MIAMI BEACH (CBS4) – Miami Beach officials say the floor collapse at that 46 year old apartment building follows years of violations and more than $3-million dollars in liens against the owners.

It’s left the residents demanding answers about what happened to their long-time complaints.

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It didn’t take long for John Goodman to get most of his valuables out of the old building off 82 Street and Byron Avenue.

“I just came to get all my things to make sure it was secure,” Goodman explained.

His apartment building was shut down after the main floor in several units collapsed.

The electricity was shut off and residents ordered out for their safety.

By Tuesday afternoon, it looked as if most of the residents were gone, relocated to other facilities. But some of the remaining residents are bitter, insisting they’ve been complaining for a while about maintenance problems here.

Goodman added, “We have infestations of bugs…just typical maintenance that should be done monthly.”

CBS4 Chief Consumer Investigator Al Sunshine asked him, what happened to all their complaints?

“What’s been happening to those complaints? I don’t know. I wish somebody would check into it for me and let me know”, Goodman said.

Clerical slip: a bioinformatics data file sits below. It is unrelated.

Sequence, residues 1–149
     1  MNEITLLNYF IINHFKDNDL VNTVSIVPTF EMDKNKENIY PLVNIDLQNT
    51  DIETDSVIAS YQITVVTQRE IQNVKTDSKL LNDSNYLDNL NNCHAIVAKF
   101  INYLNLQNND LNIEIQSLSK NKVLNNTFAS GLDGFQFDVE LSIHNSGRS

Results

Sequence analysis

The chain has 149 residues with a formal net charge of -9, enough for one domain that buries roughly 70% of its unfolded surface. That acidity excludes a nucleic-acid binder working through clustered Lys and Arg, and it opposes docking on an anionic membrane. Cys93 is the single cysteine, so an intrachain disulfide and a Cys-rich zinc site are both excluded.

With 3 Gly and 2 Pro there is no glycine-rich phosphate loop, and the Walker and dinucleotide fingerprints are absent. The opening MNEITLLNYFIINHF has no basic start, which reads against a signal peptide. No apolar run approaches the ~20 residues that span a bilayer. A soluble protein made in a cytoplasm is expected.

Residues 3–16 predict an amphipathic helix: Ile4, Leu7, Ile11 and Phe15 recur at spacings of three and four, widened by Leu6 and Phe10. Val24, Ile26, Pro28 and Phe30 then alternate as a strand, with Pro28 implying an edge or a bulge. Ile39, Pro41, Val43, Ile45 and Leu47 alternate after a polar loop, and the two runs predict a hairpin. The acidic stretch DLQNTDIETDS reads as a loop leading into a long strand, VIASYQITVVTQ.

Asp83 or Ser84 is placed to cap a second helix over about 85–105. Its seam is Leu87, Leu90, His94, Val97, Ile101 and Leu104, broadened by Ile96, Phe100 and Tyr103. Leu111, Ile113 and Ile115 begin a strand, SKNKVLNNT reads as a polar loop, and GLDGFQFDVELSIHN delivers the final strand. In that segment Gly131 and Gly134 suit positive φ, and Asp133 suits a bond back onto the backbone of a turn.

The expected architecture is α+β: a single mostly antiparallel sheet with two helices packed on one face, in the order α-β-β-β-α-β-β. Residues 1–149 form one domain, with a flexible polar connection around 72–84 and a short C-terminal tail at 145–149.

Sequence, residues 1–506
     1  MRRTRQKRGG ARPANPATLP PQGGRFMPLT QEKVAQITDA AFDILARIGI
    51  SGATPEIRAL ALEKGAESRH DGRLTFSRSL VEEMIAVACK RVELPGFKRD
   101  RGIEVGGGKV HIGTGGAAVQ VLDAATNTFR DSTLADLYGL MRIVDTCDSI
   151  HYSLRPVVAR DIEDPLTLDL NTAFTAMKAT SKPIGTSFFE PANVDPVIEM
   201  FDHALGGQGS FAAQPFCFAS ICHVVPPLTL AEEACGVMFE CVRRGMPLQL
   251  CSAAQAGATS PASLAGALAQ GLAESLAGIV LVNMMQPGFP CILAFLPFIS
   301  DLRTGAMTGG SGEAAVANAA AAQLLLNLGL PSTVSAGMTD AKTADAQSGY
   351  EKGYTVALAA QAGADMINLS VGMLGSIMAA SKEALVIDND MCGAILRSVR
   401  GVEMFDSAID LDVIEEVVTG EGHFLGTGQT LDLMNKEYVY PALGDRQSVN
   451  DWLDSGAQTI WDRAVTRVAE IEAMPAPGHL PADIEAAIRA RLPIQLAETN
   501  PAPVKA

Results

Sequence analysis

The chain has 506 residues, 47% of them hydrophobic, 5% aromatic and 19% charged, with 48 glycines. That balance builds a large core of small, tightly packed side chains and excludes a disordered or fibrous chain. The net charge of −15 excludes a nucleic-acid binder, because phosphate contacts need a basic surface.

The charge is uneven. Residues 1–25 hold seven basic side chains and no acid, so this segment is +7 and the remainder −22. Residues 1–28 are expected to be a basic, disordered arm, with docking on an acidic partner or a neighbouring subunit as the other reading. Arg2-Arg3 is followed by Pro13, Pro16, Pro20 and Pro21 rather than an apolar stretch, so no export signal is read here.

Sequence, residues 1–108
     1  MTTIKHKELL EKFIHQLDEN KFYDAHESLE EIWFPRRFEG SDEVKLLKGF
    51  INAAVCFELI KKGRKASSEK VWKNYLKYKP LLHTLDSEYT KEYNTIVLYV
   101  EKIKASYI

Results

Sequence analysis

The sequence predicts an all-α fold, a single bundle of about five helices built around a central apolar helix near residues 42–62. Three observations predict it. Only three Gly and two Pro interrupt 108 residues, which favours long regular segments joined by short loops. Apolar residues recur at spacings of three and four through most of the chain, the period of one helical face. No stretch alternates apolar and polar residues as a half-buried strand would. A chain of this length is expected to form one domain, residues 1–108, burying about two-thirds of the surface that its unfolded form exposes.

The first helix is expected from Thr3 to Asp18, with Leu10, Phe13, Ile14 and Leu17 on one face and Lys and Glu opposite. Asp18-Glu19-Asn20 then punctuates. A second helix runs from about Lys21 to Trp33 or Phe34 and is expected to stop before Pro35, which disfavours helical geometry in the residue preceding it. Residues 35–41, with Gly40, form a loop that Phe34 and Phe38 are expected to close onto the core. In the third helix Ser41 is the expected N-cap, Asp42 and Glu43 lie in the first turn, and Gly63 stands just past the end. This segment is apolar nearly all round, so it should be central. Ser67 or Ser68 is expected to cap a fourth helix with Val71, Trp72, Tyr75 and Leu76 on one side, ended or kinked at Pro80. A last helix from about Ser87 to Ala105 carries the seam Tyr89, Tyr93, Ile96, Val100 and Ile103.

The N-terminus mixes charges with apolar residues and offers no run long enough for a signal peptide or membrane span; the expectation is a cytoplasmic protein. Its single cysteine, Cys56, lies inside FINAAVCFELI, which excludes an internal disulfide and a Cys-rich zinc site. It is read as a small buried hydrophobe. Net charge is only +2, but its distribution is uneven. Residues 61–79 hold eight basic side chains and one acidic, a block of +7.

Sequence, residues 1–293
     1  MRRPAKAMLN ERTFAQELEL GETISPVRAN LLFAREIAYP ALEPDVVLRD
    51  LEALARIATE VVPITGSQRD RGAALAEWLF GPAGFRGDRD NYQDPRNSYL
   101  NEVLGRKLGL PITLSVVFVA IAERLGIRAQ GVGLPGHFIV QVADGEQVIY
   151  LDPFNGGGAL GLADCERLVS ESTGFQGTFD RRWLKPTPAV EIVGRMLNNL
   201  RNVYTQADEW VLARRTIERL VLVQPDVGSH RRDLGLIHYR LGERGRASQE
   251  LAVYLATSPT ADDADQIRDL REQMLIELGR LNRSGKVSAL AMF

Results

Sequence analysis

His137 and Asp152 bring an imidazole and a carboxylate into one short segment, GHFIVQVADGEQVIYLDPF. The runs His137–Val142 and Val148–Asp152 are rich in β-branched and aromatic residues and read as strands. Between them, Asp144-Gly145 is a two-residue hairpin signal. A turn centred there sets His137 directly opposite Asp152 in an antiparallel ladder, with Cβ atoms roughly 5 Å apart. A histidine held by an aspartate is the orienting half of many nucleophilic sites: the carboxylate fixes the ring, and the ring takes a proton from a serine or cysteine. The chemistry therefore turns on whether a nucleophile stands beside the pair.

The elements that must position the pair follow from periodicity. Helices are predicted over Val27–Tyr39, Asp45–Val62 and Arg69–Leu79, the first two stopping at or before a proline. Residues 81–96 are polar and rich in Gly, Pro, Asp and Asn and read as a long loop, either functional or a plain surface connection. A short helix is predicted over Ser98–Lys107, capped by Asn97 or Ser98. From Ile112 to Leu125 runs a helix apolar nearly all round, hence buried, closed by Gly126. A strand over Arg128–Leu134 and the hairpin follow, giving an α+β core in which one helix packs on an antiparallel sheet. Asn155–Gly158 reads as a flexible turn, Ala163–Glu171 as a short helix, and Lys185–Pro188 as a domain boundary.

Goodman wanted answers, so CBS 4 went to work for him.

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Sunshine went to Miami Beach’s building department to ask what happened to all the tenants’ complaints?

I found pages and pages of code violations there including pictures of cracking concrete and corroded pipes.

City Records show the building’s been hit with more than $3 million dollars in liens by the City of Miami Beach for not meeting repair deadlines.

So what can residents do about problems in their rental units?

Turns out they can go to court and after filing required legal papers,  withhold paying the landlord and instead pay into a separate court-supervised escrow account.

“Go to court, to the downtown courthouse, they have a section for landlord tenant. He’s going to pay a processing fee, and let them know he is going to withhold rent,” Alexandra Castro-Nunez of Miami-Dade’s Office of Business Regulation said. “The landlord will be notified by a letter of a hearing and then a judge will determine the outcome.”

Sunshine reported that tenant-landlord complaints are way up the past few years around South Florida as the economy  worsened and landlords are forced to cut back on maintenance.

File building and safety complaints with your local building departments.

Contact your local or state consumer affairs office for more help.

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